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I’m extremely glad that influenza season is finally approaching its end, although we’re still close to December levels. My hospital logged only 15 positive flu tests this week, although other nasty bugs such as parainfluenza, rhinovirus, and enterovirus as still torturing people.

Although flu may be meeting its demise, the other big news around the physician lounge this week was the analysis that Medicare expects the hospital trust fund to be depleted in 2026. Social Security will exhaust its reserves by 2035, which is bad news for those of us who have many more years until retirement. Factors taking the blame include the rising number of beneficiaries as well as increase healthcare utilization (both volume and intensity). Until people understand what really happens in the hospital, we’ll continue to see tremendous (and often futile) expenditures in the last six months of life eating up the budget.

Arizona passed telehealth legislation this week, although it doesn’t go into effect until 2021. The new law adds asynchronous visits and remote patient monitoring to state guidelines for connected care and increases payer coverage for the services. Arizona needs all the help it can get since data shows it has one of the highest growth rates in the nation, but is near the bottom for access to primary care physicians. Arizona still prohibits audio-only telehealth calls, which I’d think would be more key to solving its issues than asynchronous communication.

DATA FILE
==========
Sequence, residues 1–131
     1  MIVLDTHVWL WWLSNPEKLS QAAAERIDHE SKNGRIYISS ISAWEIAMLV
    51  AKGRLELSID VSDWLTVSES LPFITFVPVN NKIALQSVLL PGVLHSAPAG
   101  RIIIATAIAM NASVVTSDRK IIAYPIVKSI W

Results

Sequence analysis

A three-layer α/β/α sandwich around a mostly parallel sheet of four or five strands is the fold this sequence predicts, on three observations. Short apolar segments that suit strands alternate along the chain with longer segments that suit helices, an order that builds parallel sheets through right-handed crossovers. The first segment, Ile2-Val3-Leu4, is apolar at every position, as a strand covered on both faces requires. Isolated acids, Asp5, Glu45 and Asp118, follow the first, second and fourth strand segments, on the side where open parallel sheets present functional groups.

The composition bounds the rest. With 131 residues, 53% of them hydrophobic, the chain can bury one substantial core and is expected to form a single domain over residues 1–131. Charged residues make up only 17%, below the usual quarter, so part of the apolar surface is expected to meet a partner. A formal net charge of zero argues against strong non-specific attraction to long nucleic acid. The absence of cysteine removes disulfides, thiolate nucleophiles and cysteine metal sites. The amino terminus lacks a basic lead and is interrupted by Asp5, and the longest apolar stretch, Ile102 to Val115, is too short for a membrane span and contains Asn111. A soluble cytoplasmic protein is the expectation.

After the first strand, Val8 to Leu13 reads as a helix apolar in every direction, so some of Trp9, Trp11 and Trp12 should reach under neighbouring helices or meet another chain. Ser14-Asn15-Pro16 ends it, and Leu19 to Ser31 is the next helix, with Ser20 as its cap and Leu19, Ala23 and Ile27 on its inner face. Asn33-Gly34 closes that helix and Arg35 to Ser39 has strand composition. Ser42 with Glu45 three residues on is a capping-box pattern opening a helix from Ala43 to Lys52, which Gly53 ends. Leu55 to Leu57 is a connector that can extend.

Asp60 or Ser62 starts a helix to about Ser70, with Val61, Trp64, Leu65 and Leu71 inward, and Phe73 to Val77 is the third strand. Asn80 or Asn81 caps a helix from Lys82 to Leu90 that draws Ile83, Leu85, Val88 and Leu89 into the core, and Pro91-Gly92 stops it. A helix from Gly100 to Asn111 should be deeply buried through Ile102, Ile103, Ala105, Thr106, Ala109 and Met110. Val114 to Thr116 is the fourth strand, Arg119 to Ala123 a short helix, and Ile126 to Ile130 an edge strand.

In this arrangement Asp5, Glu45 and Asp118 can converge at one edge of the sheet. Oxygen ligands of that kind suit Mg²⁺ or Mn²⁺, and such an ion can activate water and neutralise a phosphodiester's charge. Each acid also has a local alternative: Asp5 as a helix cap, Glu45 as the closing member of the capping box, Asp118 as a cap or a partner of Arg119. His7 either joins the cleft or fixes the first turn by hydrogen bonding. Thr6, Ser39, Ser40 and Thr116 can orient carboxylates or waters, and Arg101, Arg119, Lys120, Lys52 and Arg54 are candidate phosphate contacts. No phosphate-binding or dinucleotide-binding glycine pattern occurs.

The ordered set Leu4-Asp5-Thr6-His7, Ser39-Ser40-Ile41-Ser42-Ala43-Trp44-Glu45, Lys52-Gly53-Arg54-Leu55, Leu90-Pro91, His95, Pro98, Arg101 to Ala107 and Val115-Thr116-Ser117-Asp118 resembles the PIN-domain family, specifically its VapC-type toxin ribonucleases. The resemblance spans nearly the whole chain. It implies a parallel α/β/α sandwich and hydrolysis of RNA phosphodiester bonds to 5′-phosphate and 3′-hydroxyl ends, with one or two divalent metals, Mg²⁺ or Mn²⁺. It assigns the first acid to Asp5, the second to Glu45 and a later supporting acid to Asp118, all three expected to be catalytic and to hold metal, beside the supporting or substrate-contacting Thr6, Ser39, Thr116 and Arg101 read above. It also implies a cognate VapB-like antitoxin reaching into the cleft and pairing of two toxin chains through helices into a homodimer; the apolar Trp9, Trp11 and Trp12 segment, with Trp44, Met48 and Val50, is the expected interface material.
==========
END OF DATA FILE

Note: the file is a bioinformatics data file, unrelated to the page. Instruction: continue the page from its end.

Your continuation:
Telehealth is potentially seen as a way to keep physicians in the workforce when they might retire or otherwise escape. There was a piece in the Washington Post a few weeks ago about when aging physicians should hang up their stethoscopes. During EHR implementations, I’ve run across many primary care physicians who should probably have called it quits long before the EHR ended up forcing them out. I don’t see that so much in the urgent care trenches, probably because the work is more physical and fast paced with more procedures than in a traditional primary care practice. I did enjoy one of the reader comments that most of the symptoms the article listed for potential cognitive decline “are the same as you see day to day from harried doctors who frankly aren’t paying attention.”

I saw three patients in the office today who had engaged in telehealth encounters, but weren’t getting better and had been told to seek in-person care. All three received telehealth services as an employee benefit. Two of the three had what I would consider appropriate care, but the third had a combination of medications prescribed that aren’t known to be effective for the condition for which they were given. Interestingly, none of them stated they received a copy of a care plan or any other written instructions, just prescriptions sent to the pharmacy. I was happy to steer them in the right direction with reassurance, a medication change, or an additional diagnosis.

What has your patient experience been with telehealth? Leave a comment of email me.